Nobuko Miyamoto’s riveting stories — on and off the stage



By Nobuko Miyamoto (Oakland, Calif.: University of California Press, 2021, 344 pp., $29.95, paperback)

Playful, provocative, never boring — that sums up Nobuko Miyamoto and her memoir, “Not Yo’ Butterfly.”

From a young age, Miyamoto showed promise as a dancer, winning a scholarship to the American School of Dance in Hollywood. 

At the age of 15, Miyamoto was cast in the movie “The King and I,” starring Yul Brynner, and from there, she went on to dance on Broadway in the Rodgers and Hammerstein musical “Flower Drum Song.” 

For the “West Side Story” audition, Miyamoto beat out hundreds of other dancers to become one of two Asian Americans in the movie. (The other is Jose De Vega, who was of Chinese, Pilipino and Guatemalan descent). 

But after Miyamoto hooked up with a filmmaker, who wanted to do a documentary on the Black Panthers, her career path changed. 

Miyamoto’s New York years are riveting as she writes about the Young Lords, Asian Americans for Action (often referred to as Triple A), Warriors of the Rainbow and the Basement Workshop. 

She describes meeting the legendary activist Yuri Kochiyama and explains how New York Asian Americans became associated with Malcolm X’s phrase, “Chickens come home to roost.” 

Most importantly, readers will learn how Miyamoto partnered with Chris Iijima and later with Charlie Chin to record the seminal album, “A Grain of Sand: Music for the Struggle by Asians in America,” which is considered the first Asian American folk album. 

After touring the country, Miyamoto resettles in Los Angeles where she gives birth to a Japanese American and African American boy at a time when racially mixed children were a rarity within the Nikkei community. Despite her struggles to raise a child as a single mother, Miyamoto goes on to form Great Leap, the performing arts organization that Miyamoto still heads.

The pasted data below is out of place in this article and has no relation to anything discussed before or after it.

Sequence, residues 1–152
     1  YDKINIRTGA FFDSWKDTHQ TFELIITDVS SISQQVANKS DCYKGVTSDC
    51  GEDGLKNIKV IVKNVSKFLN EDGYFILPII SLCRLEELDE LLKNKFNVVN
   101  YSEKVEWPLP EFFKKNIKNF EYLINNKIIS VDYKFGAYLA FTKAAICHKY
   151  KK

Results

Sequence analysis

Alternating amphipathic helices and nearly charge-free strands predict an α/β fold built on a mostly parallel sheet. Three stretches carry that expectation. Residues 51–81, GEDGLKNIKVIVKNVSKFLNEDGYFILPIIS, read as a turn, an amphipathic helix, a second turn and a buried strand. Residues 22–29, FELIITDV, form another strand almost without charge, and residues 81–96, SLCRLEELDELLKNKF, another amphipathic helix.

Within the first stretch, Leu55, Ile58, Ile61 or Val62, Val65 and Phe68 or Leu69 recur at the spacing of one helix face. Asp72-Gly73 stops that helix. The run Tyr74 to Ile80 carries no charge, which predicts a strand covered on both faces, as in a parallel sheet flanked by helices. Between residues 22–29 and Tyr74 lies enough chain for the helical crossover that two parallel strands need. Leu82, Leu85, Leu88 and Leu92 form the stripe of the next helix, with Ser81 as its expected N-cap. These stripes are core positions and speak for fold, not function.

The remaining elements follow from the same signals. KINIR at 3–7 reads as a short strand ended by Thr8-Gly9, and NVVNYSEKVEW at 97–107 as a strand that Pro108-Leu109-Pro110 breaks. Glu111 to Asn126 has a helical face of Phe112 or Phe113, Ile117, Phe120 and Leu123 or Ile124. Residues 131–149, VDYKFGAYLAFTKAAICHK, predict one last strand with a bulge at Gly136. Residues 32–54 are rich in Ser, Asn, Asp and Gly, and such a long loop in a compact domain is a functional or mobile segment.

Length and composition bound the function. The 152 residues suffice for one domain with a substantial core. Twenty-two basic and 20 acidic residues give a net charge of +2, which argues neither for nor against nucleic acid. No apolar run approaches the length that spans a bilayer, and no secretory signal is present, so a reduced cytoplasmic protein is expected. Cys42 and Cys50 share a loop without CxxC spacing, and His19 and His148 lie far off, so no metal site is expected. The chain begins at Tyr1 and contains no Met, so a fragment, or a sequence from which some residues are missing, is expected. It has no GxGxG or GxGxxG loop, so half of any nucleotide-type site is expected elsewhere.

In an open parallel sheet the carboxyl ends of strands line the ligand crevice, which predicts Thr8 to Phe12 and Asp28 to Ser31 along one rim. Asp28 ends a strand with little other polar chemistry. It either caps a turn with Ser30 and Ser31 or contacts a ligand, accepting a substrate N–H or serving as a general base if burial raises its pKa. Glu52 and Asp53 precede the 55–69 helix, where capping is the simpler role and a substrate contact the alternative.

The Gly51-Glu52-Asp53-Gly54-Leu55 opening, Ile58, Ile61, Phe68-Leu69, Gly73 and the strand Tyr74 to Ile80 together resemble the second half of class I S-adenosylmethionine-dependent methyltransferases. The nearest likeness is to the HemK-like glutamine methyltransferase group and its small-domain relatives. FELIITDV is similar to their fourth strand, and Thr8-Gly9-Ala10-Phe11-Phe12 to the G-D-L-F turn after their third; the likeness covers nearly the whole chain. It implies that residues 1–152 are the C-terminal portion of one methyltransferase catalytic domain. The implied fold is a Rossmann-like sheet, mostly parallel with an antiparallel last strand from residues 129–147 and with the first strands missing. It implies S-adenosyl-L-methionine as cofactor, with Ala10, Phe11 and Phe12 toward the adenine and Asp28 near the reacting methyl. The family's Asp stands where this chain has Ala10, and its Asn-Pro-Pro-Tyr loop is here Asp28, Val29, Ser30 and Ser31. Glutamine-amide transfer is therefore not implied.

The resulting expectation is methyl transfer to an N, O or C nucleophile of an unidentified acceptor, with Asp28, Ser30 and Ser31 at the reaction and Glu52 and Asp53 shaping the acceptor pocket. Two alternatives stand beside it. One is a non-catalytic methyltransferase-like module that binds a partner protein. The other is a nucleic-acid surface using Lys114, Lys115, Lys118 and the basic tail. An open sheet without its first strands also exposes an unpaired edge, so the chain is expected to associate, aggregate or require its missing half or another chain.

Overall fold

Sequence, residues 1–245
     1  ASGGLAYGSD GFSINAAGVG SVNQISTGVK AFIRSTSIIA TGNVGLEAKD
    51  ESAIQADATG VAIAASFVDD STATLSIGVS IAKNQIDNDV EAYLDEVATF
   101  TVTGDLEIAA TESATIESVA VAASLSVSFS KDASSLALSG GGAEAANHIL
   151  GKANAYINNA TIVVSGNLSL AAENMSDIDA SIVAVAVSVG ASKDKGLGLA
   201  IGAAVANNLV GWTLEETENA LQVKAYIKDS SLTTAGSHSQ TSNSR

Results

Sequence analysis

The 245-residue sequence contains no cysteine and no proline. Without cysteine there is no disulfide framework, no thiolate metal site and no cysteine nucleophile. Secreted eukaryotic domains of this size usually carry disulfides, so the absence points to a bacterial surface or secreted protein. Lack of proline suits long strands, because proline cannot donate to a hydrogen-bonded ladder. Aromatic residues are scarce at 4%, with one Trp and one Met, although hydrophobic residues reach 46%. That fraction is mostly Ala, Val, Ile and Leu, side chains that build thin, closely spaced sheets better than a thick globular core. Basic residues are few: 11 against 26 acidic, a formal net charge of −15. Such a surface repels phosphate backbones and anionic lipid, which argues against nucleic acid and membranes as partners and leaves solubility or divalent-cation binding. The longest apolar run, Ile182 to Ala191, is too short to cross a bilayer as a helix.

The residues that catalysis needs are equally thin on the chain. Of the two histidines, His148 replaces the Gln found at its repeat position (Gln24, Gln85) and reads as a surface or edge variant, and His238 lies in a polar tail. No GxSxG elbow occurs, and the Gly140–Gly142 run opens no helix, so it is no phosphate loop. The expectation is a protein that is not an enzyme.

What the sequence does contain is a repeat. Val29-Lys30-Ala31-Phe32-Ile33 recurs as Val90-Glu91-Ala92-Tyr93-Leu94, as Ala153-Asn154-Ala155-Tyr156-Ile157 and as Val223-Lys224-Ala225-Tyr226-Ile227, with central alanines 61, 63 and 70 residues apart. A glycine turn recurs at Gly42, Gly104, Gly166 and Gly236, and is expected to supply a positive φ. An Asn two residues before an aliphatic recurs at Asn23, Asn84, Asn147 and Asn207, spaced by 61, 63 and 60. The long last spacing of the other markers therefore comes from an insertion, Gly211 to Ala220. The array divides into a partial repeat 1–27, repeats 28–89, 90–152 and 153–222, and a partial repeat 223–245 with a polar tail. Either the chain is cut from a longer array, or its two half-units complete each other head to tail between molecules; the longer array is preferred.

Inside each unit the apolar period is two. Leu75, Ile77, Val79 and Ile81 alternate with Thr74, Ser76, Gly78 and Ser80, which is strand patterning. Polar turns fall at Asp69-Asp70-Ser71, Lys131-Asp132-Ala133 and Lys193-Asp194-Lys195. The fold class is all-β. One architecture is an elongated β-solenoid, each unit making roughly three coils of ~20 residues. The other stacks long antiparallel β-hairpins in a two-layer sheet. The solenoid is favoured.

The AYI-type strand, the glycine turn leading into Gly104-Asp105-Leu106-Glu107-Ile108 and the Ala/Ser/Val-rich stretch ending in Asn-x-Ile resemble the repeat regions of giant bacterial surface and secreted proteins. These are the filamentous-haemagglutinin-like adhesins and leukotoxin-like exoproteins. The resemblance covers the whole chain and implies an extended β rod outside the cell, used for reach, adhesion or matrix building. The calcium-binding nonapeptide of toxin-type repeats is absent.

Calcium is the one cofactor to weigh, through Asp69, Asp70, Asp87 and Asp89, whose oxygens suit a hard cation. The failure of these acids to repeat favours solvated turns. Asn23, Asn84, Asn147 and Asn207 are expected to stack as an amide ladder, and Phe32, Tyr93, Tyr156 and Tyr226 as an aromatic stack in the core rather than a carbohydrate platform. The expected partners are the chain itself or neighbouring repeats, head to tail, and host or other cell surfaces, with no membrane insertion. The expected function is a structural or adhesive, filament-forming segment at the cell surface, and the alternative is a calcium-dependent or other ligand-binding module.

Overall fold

But some details are lost in the creative writing. The beginning of the memoir is a bit confusing since it jumps around, and the reader is never told what year Miyamoto is born, although it becomes clear she was born before World War II. 

One glaring mistake is a reference to a Nikkei gang as the Black Wands. This should be Black Juans. They were a postwar Eastside gang, headed by the notorious General (aka Jim Matsuoka). 

The spelling of Japanese words should also be double-checked. For example, a go-between should be baishakunin, not bishakunin; older sister, nesan, not neisan; one is unsure whether the word “ore” in the memoir is referring to “orei,” which is an expression of gratitude, to point out just a few. 

There is also reference to the Hawaiian Pidgin English word “kotonk,” which the memoir refers to as “empty as bamboo,” but ask any Japanese American from Hawai‘i and they will say it is the sound of an empty coconut. 

Another common error that should be corrected is the reference to the 442nd Regimental Combat Team as the “most decorated infantry unit of the war.” The 442nd was the most decorated unit in U.S. military history for its size and length of service.

World War II camp terminology should also be corrected. United States citizens cannot technically be “interned” in “internment camps” since this connotes the legal incarceration of enemy aliens. Two-thirds of Japanese Americans imprisoned in the War Relocation Authority camps were U.S. citizens.

Despite these shortcomings, the memoir captures an important part of American history that has been rarely written about. It is well worth reading. After that, take time to listen to the “120,000 Stories” album. 

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